What would be a good vehicle for beginning those negotiations on these issues that we've been discussing? In fact, it would be a bilateral investment treaty. It's not something like the trade deal of the US-China trade war. It's a bilateral investment treaty that would address many of these concerns of the US business community. Under former US President Obama, agreement on a bilateral investment treaty was actually quite close. But when Trump came into office, he put it to the side. Now this process can be facilitated globally, because Europe has exactly the same situation. They are currently negotiating a bilateral investment treaty with the US. In my opinion, China is actually prepared to be responsive, but a dialogue and means for discussion is needed. A kind of collaborative discussion between Europe, the US and China on issues such as investment, foreign technology and decoupling is probably the best means of actually getting the relationship back on track.
He Weiwen, former economic and commercial counselor at the Chinese Consulates General in San Francisco and New York and executive council member of the China Society for World Trade Organization Studies, senior fellow at the Chongyang Institute for Financial Studies, Renmin University of China.
Regarding decoupling, it should be classified in three different ways. First, military products and technologies are always decoupled, as guided by the COCOM, Paris and later Wassenaar arrangements.
The second category is goods for general use for consumption and production. They have never been decoupled or only slightly.
The third category is high-tech, sensitive dual use areas. The US has virtually banned exports of semiconductors, not only to Huawei, but to China in general.
According to the Boston Consulting Group, South Korea would likely overtake the US as world semiconductor leader in a few years; China could attain leadership in the long term. So that will be bad for the US. Currently, the top 10 US semiconductor producers all have a large degree of dependency on the China market.
It's important for China and the US to talk. China and the US should also enter into multilateral agreements, because that can guard against possible security concerns. This should be one of the topics for the reform of the WTO, and both sides should work together toward that instead of decoupling.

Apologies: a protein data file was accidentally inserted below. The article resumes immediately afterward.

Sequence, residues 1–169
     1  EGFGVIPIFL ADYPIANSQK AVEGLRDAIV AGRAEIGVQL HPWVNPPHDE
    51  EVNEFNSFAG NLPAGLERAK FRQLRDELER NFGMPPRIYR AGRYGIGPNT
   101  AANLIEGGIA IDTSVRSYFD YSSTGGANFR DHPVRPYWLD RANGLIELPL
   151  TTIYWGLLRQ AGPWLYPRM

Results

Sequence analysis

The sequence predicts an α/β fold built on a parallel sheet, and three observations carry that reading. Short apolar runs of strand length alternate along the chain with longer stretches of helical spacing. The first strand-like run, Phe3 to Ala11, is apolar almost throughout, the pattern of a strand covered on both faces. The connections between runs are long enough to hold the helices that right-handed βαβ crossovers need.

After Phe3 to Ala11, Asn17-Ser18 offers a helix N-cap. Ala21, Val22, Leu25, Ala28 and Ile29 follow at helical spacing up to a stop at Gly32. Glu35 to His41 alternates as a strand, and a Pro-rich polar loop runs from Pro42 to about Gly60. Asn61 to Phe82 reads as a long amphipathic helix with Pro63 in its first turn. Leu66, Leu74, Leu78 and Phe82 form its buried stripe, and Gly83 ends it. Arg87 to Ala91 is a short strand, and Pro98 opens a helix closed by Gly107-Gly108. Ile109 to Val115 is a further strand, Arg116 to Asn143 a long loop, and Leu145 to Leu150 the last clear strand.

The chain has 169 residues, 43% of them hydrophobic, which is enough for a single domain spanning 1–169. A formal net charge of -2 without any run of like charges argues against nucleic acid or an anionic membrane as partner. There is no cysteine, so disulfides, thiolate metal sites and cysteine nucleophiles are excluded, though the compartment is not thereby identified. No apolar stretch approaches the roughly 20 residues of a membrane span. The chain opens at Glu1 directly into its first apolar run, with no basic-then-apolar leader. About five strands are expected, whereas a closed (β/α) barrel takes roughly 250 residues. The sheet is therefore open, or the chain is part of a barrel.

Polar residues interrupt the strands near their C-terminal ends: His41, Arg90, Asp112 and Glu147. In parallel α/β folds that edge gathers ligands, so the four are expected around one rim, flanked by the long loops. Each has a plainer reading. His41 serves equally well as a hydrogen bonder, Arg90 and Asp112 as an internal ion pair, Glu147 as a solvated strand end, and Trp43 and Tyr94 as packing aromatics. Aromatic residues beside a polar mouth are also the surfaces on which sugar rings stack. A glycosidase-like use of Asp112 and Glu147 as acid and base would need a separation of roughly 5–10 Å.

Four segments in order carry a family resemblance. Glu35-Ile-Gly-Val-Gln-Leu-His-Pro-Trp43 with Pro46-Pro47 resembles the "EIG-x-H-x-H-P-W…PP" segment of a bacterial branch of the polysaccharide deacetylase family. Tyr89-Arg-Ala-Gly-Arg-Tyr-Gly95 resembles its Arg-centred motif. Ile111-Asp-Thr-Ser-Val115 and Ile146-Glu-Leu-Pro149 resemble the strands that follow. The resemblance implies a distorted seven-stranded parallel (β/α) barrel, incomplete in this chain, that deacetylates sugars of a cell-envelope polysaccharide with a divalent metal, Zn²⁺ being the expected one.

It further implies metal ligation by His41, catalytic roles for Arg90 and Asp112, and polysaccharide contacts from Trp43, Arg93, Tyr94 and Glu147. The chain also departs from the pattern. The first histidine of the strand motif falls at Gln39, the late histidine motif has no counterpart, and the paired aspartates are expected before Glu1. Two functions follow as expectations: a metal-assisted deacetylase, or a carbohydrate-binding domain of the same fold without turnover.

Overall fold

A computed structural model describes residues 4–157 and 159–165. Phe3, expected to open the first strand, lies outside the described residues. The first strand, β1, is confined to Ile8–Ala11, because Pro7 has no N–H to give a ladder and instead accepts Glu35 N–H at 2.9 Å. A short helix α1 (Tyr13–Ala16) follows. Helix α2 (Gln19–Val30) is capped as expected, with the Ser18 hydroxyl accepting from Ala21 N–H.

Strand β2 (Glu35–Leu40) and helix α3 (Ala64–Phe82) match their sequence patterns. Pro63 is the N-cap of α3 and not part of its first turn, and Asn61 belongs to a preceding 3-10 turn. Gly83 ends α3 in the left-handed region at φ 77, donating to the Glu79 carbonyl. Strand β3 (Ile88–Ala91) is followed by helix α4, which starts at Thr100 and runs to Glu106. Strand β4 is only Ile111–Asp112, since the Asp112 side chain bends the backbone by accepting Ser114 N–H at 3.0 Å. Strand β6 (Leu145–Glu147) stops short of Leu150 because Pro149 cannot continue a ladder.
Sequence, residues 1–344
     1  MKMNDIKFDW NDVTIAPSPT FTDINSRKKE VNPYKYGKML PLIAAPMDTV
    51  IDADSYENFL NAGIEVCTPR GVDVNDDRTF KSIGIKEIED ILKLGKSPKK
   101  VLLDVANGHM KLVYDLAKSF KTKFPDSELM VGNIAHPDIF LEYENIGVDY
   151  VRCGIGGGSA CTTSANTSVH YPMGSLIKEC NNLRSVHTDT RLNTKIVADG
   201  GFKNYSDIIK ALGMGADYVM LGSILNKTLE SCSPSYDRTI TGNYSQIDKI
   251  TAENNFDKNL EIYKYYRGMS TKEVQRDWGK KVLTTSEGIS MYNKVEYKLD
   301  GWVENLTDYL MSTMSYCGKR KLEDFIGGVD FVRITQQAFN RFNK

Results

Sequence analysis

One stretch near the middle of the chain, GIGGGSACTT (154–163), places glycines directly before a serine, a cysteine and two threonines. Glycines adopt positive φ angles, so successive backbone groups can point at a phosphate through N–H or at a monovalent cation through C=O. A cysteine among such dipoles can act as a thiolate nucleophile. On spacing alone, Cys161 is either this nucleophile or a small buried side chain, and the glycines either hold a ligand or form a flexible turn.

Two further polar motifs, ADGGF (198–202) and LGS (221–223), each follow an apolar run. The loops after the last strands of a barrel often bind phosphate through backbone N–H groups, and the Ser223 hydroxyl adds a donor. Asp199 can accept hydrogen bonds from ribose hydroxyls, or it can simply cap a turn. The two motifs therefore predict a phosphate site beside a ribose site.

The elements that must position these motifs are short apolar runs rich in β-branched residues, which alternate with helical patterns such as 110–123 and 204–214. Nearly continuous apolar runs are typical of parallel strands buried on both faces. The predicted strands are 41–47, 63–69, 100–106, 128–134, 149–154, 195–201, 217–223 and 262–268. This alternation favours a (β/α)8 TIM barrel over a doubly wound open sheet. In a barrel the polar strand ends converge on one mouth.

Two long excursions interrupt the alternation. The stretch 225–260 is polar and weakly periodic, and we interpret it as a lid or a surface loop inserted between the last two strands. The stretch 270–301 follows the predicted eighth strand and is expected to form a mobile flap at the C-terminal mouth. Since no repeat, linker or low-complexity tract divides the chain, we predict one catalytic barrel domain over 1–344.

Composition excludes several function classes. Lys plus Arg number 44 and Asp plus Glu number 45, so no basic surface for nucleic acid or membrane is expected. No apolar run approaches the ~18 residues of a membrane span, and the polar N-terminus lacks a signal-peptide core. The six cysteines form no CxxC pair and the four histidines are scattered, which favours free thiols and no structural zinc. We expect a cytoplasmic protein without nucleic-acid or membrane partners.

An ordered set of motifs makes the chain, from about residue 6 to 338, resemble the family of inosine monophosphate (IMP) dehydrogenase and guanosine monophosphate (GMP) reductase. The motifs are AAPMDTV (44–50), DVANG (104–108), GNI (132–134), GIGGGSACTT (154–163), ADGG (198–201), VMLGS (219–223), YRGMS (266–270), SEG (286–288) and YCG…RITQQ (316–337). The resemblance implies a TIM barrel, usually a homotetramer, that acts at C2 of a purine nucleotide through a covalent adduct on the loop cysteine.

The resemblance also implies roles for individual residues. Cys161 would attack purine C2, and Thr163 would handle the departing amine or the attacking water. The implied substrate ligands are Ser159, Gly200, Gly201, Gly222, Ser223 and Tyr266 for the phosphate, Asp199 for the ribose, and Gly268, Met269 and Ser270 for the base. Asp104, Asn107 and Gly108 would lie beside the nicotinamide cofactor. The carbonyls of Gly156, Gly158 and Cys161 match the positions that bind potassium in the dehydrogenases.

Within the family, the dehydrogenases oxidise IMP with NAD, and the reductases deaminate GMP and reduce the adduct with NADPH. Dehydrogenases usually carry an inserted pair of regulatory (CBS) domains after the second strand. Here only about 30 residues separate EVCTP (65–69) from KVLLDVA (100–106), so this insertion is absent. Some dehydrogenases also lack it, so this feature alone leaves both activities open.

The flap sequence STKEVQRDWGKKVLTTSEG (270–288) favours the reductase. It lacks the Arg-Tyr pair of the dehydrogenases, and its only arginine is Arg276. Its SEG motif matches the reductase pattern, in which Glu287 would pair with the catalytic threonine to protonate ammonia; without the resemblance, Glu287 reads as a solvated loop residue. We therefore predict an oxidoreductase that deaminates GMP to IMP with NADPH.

For starters, in principle, the additional tariffs imposed by the Trump administration unilaterally should be removed because it's against the WTO rules, and actually the tariffs have not been that effective in checking Chinese exports to the US. The US should promise to call off all the duties and the tariffs, and then China would respond to the concerns of the US business companies and government.
In fact, in the business aspect, the cooperation between China and the US at this level has been going on fundamentally uninterrupted. For instance, during the first seven months of this year, US business investment in China was strong, with 860 new enterprises being set up, even though the White House has been pressing hard for decoupling. However, the businesses are doing just the opposite.
And on the government front, both sides should seek dialogue instead of confrontation. China and the US had very mature dialogue mechanisms in the past. We had over 70 different groups for dialogue and managing differences, and cooperation could resume that.
On the Chinese side, we should work hard to open the market to welcome US investors, to open the financial sector and to make sure that all the players have a level playing field and the same national treatment. That will encourage cooperation between the two countries.
He Weiwen is a senior fellow at the Chongyang Institute for Financial Studies, Renmin University of China.